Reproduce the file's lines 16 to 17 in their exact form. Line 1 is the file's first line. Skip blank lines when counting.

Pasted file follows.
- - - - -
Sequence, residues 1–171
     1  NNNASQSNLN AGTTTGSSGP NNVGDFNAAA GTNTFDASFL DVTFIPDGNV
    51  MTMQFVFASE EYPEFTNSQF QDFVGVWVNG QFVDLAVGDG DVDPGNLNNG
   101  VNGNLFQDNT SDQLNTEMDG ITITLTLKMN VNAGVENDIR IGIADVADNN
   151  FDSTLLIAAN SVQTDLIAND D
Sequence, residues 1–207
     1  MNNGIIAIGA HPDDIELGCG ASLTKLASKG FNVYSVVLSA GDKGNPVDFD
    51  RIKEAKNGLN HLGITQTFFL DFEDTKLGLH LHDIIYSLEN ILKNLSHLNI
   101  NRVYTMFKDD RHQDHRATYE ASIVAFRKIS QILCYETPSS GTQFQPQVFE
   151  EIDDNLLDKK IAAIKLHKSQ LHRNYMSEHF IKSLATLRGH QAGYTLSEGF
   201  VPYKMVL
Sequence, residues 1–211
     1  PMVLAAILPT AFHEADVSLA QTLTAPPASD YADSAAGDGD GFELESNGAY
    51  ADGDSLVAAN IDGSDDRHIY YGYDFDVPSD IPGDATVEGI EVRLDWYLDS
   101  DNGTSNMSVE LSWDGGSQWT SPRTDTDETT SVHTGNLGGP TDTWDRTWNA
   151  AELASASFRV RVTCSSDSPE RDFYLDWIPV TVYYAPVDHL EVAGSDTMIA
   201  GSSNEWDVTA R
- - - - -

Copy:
   151  AELASASFRV RVTCSSDSPE RDFYLDWIPV TVYYAPVDHL EVAGSDTMIA
   201  GSSNEWDVTA R